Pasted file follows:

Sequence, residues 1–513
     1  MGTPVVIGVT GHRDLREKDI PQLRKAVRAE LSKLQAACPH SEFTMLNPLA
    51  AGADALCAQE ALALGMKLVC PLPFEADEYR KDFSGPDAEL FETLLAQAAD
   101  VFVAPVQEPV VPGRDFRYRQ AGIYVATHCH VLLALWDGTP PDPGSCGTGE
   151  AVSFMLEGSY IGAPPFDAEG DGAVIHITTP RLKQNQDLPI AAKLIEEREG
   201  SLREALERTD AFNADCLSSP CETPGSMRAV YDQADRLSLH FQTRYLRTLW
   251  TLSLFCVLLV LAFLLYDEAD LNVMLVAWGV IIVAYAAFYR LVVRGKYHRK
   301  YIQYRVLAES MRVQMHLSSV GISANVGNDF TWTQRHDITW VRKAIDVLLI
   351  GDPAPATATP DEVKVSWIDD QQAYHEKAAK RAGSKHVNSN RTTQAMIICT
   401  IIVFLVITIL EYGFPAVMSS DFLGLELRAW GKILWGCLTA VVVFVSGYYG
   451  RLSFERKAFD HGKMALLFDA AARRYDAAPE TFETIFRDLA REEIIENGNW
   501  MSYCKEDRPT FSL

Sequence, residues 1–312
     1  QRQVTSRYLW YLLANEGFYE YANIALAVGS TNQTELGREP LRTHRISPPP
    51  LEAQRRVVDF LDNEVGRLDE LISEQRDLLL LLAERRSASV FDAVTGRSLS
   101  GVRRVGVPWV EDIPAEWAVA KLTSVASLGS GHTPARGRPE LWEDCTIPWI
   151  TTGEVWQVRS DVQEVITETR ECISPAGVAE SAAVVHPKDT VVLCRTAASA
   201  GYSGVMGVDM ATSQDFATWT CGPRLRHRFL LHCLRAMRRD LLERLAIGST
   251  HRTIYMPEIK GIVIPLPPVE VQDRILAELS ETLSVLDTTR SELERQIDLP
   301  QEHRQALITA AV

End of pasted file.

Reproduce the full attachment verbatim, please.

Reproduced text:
Sequence, residues 1–513
     1  MGTPVVIGVT GHRDLREKDI PQLRKAVRAE LSKLQAACPH SEFTMLNPLA
    51  AGADALCAQE ALALGMKLVC PLPFEADEYR KDFSGPDAEL FETLLAQAAD
   101  VFVAPVQEPV VPGRDFRYRQ AGIYVATHCH VLLALWDGTP PDPGSCGTGE
   151  AVSFMLEGSY IGAPPFDAEG DGAVIHITTP RLKQNQDLPI AAKLIEEREG
   201  SLREALERTD AFNADCLSSP CETPGSMRAV YDQADRLSLH FQTRYLRTLW
   251  TLSLFCVLLV LAFLLYDEAD LNVMLVAWGV IIVAYAAFYR LVVRGKYHRK
   301  YIQYRVLAES MRVQMHLSSV GISANVGNDF TWTQRHDITW VRKAIDVLLI
   351  GDPAPATATP DEVKVSWIDD QQAYHEKAAK RAGSKHVNSN RTTQAMIICT
   401  IIVFLVITIL EYGFPAVMSS DFLGLELRAW GKILWGCLTA VVVFVSGYYG
   451  RLSFERKAFD HGKMALLFDA AARRYDAAPE TFETIFRDLA REEIIENGNW
   501  MSYCKEDRPT FSL

Sequence, residues 1–312
     1  QRQVTSRYLW YLLANEGFYE YANIALAVGS TNQTELGREP LRTHRISPPP
    51  LEAQRRVVDF LDNEVGRLDE LISEQRDLLL LLAERRSASV FDAVTGRSLS
   101  GVRRVGVPWV EDIPAEWAVA KLTSVASLGS GHTPARGRPE LWEDCTIPWI
   151  TTGEVWQVRS DVQEVITETR ECISPAGVAE SAAVVHPKDT VVLCRTAASA
   201  GYSGVMGVDM ATSQDFATWT CGPRLRHRFL LHCLRAMRRD LLERLAIGST
   251  HRTIYMPEIK GIVIPLPPVE VQDRILAELS ETLSVLDTTR SELERQIDLP
   301  QEHRQALITA AV